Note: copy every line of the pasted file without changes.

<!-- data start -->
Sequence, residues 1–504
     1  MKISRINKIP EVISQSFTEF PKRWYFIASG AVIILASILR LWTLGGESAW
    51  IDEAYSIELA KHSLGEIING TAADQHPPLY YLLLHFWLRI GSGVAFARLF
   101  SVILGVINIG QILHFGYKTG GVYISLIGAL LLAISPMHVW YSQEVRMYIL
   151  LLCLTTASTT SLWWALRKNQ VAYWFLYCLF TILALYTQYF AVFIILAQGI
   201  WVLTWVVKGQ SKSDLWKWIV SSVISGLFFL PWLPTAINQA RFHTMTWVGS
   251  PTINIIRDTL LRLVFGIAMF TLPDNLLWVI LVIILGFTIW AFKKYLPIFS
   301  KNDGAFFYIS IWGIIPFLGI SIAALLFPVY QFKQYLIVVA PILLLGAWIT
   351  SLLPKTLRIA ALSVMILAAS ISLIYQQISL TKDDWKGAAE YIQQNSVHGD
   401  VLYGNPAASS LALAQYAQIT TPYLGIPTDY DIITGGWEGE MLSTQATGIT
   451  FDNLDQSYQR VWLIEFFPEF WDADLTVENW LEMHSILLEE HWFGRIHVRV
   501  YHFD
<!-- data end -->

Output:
Sequence, residues 1–504
     1  MKISRINKIP EVISQSFTEF PKRWYFIASG AVIILASILR LWTLGGESAW
    51  IDEAYSIELA KHSLGEIING TAADQHPPLY YLLLHFWLRI GSGVAFARLF
   101  SVILGVINIG QILHFGYKTG GVYISLIGAL LLAISPMHVW YSQEVRMYIL
   151  LLCLTTASTT SLWWALRKNQ VAYWFLYCLF TILALYTQYF AVFIILAQGI
   201  WVLTWVVKGQ SKSDLWKWIV SSVISGLFFL PWLPTAINQA RFHTMTWVGS
   251  PTINIIRDTL LRLVFGIAMF TLPDNLLWVI LVIILGFTIW AFKKYLPIFS
   301  KNDGAFFYIS IWGIIPFLGI SIAALLFPVY QFKQYLIVVA PILLLGAWIT
   351  SLLPKTLRIA ALSVMILAAS ISLIYQQISL TKDDWKGAAE YIQQNSVHGD
   401  VLYGNPAASS LALAQYAQIT TPYLGIPTDY DIITGGWEGE MLSTQATGIT
   451  FDNLDQSYQR VWLIEFFPEF WDADLTVENW LEMHSILLEE HWFGRIHVRV
   501  YHFD